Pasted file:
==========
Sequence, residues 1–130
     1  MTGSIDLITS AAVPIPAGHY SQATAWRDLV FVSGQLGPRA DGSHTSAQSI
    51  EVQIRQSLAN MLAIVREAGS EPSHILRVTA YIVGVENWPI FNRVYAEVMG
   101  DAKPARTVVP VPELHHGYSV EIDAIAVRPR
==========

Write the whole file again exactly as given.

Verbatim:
Sequence, residues 1–130
     1  MTGSIDLITS AAVPIPAGHY SQATAWRDLV FVSGQLGPRA DGSHTSAQSI
    51  EVQIRQSLAN MLAIVREAGS EPSHILRVTA YIVGVENWPI FNRVYAEVMG
   101  DAKPARTVVP VPELHHGYSV EIDAIAVRPR